Young Silver Ferns get shot against Proteas
The fine balance of winning and building squad depth has already proved a tough act for the Silver Ferns in the Quad Series and the second string players are set to get a further chance to stake their claims tonight.
While the frontline players rescued New Zealand in the second half of Thursday's contest against England, there are doubts over the international credibility of others in the group.
Against South Africa in Mt Maunganui tonight, those players can prove a point to a lot of people, though the Proteas should be a pushover for the Ferns anyway.
In round one they were brushed aside 63-27, then they suffered two 32-goal defeats to Australia, before leading England at halftime but eventually being run down 62-53.
"I think they start very well," Ferns coach Waimarama Taumaunu said. "I think they probably have some conditioning issues in the sense of the intensity of the games they're playing and their ability to stay in for 60 minutes.
"And, it's not surprising really, given that the whole intensity is new to them and that they don't get to spend a lot of time together."
To have a chance at winning the series, the Ferns need to be as ruthless as possible tonight to improve their goal percentage.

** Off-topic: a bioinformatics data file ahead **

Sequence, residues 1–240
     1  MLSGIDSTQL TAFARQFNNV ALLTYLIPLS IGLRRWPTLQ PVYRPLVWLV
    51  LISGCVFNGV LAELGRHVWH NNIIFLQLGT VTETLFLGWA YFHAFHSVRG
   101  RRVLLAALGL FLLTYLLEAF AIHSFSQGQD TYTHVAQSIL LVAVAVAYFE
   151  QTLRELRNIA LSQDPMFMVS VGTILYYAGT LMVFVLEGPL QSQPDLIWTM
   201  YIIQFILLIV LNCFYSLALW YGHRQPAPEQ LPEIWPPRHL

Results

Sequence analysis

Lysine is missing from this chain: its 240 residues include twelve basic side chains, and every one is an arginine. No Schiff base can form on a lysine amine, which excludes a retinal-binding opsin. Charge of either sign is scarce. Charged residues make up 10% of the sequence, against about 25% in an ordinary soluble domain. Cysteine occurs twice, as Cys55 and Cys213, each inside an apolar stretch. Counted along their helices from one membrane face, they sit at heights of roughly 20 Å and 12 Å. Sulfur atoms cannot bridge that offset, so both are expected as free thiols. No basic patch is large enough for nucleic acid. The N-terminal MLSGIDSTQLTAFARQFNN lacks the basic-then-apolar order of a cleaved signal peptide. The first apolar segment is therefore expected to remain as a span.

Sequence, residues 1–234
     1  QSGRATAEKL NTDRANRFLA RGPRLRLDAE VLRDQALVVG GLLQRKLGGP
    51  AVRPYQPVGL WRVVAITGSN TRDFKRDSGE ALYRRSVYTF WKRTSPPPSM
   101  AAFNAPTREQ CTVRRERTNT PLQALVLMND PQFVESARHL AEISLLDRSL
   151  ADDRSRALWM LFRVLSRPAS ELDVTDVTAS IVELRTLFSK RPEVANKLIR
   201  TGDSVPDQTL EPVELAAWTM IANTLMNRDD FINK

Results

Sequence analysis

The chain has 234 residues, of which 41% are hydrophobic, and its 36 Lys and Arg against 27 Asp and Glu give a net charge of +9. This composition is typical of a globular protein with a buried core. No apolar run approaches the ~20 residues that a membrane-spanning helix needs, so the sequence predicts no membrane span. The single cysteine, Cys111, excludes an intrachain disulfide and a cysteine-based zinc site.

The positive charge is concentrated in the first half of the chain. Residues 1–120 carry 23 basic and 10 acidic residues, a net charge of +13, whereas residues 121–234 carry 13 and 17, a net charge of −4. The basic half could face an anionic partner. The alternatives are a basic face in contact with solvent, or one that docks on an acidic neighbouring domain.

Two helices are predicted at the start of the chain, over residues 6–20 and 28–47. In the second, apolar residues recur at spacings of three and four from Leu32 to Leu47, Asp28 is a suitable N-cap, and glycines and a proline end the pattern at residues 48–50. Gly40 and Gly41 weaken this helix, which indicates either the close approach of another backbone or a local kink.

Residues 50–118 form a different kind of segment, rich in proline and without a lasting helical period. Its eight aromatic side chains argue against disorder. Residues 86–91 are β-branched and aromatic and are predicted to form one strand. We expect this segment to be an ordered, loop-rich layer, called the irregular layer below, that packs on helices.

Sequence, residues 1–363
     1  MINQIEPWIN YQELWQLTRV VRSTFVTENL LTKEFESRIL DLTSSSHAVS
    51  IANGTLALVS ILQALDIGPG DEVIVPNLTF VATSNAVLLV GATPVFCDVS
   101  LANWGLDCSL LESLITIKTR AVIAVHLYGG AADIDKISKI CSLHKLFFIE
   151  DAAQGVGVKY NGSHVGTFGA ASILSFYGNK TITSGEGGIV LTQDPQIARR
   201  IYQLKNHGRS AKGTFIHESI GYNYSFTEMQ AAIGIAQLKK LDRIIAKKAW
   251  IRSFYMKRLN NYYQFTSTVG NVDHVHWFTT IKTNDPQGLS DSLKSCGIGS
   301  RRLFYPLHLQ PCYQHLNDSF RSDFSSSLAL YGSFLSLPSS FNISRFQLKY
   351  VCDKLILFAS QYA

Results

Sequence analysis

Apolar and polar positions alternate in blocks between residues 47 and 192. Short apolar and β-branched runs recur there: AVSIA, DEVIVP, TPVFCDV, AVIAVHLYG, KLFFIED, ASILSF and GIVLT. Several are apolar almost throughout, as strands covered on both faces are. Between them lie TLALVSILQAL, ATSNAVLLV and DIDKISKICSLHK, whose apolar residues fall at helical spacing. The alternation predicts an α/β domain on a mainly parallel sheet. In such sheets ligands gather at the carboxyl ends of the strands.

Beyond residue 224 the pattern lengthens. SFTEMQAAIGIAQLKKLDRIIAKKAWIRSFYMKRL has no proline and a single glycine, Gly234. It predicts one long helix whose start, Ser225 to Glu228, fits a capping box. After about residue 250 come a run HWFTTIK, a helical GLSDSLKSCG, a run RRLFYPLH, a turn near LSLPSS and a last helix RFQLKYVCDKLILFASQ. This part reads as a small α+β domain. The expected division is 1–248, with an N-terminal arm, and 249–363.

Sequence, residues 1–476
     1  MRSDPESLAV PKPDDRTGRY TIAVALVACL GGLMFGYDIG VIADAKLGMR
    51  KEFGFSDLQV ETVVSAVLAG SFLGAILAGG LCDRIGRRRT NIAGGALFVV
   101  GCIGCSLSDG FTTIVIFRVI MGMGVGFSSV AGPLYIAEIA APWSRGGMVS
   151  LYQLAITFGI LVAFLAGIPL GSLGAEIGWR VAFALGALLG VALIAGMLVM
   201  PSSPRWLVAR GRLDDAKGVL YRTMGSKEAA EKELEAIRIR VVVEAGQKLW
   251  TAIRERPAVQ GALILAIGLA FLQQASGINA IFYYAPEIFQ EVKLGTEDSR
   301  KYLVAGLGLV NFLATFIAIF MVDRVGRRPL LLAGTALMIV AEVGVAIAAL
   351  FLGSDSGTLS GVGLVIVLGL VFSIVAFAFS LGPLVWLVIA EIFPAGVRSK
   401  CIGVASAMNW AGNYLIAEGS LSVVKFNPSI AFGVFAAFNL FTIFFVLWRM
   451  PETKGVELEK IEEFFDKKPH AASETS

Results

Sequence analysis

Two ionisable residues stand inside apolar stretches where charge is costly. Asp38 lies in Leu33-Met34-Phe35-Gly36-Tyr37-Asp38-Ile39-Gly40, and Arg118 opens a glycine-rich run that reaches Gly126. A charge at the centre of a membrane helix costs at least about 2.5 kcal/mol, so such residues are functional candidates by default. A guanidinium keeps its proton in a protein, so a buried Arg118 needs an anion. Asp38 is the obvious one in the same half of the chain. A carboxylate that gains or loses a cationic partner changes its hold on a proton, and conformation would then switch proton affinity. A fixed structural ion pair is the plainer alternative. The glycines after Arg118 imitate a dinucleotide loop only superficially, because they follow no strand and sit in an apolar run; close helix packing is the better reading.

Their main work-on has been their through-court attack, with some more slickness required, according to wing attack Camilla Lees, who returned to the fray in the last match after missing the Australian leg of the series to complete her medical studies.
Lees was guilty of coughing up plenty of ball against England and she admitted rustiness was perhaps a factor, but also acknowledged the difficulty of adjusting to a new shooting combination in Cathrine Latu and Jodi Brown.
"It was a bit of a slow start. It took me a while to get into it and I think I made some silly errors that I want to cut out in the next game," she said.
Lees is hoping to deliver the ball with more accuracy and greater confidence tonight, and said there was an adjustment needed depending on who was under the hoop.
"I think most of the shooters have quite different styles of play and when you're trying to read the game you've got to kind of know what each shooter likes and how they're going to present to the ball. So I think it just takes a while to learn those links.
"I think just the timing's slightly different. Catty's [Latu] got a really good hold on her which we haven't really been utilising well. And I think it's just being able to read her body position a bit better."
Lees, 23, has played just seven tests but with the lack of midcourt stocks, has a superb chance to cement the wing attack position.
"I feel like I'm growing in that position each time I play and working well with the others around me, so absolutely, that's my aim," she said.
Taumaunu felt Lees started slow against England but built into the match and began to play like she did in the Constellation Cup alongside Laura Langman, who Lees is loving having by her side.
"She's such a workhorse and she's always able to run up and down the court without seeming to get tired, so she's fantastic to play with," Lees said. "And I feel as though our combination is building as well, which is great."
Sunday Star Times